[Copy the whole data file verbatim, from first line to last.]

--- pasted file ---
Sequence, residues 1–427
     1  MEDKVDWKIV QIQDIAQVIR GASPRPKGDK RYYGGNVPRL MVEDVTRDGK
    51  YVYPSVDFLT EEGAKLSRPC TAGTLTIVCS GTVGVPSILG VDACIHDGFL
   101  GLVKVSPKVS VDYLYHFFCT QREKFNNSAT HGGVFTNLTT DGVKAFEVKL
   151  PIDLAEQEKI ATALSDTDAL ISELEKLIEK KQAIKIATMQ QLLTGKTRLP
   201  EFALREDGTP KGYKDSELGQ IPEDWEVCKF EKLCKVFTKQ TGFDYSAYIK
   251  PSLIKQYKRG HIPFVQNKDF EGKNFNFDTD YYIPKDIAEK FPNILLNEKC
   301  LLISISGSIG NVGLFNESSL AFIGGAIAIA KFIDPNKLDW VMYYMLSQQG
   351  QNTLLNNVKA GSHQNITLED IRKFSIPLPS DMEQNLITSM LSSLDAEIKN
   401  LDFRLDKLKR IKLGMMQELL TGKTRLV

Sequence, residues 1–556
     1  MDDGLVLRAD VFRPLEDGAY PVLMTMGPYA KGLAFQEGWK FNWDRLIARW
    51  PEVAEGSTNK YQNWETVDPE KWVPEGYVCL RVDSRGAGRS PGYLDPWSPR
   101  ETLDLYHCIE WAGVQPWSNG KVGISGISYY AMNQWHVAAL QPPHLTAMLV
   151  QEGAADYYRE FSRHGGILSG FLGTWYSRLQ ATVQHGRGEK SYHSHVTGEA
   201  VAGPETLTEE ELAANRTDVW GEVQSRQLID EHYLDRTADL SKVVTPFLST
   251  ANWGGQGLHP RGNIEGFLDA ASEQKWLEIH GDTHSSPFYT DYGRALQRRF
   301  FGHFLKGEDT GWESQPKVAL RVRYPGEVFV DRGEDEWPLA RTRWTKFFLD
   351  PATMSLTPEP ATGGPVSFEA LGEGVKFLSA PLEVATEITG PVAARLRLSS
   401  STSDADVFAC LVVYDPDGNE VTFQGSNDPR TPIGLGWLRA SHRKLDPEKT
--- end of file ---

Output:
Sequence, residues 1–427
     1  MEDKVDWKIV QIQDIAQVIR GASPRPKGDK RYYGGNVPRL MVEDVTRDGK
    51  YVYPSVDFLT EEGAKLSRPC TAGTLTIVCS GTVGVPSILG VDACIHDGFL
   101  GLVKVSPKVS VDYLYHFFCT QREKFNNSAT HGGVFTNLTT DGVKAFEVKL
   151  PIDLAEQEKI ATALSDTDAL ISELEKLIEK KQAIKIATMQ QLLTGKTRLP
   201  EFALREDGTP KGYKDSELGQ IPEDWEVCKF EKLCKVFTKQ TGFDYSAYIK
   251  PSLIKQYKRG HIPFVQNKDF EGKNFNFDTD YYIPKDIAEK FPNILLNEKC
   301  LLISISGSIG NVGLFNESSL AFIGGAIAIA KFIDPNKLDW VMYYMLSQQG
   351  QNTLLNNVKA GSHQNITLED IRKFSIPLPS DMEQNLITSM LSSLDAEIKN
   401  LDFRLDKLKR IKLGMMQELL TGKTRLV

Sequence, residues 1–556
     1  MDDGLVLRAD VFRPLEDGAY PVLMTMGPYA KGLAFQEGWK FNWDRLIARW
    51  PEVAEGSTNK YQNWETVDPE KWVPEGYVCL RVDSRGAGRS PGYLDPWSPR
   101  ETLDLYHCIE WAGVQPWSNG KVGISGISYY AMNQWHVAAL QPPHLTAMLV
   151  QEGAADYYRE FSRHGGILSG FLGTWYSRLQ ATVQHGRGEK SYHSHVTGEA
   201  VAGPETLTEE ELAANRTDVW GEVQSRQLID EHYLDRTADL SKVVTPFLST
   251  ANWGGQGLHP RGNIEGFLDA ASEQKWLEIH GDTHSSPFYT DYGRALQRRF
   301  FGHFLKGEDT GWESQPKVAL RVRYPGEVFV DRGEDEWPLA RTRWTKFFLD
   351  PATMSLTPEP ATGGPVSFEA LGEGVKFLSA PLEVATEITG PVAARLRLSS
   401  STSDADVFAC LVVYDPDGNE VTFQGSNDPR TPIGLGWLRA SHRKLDPEKT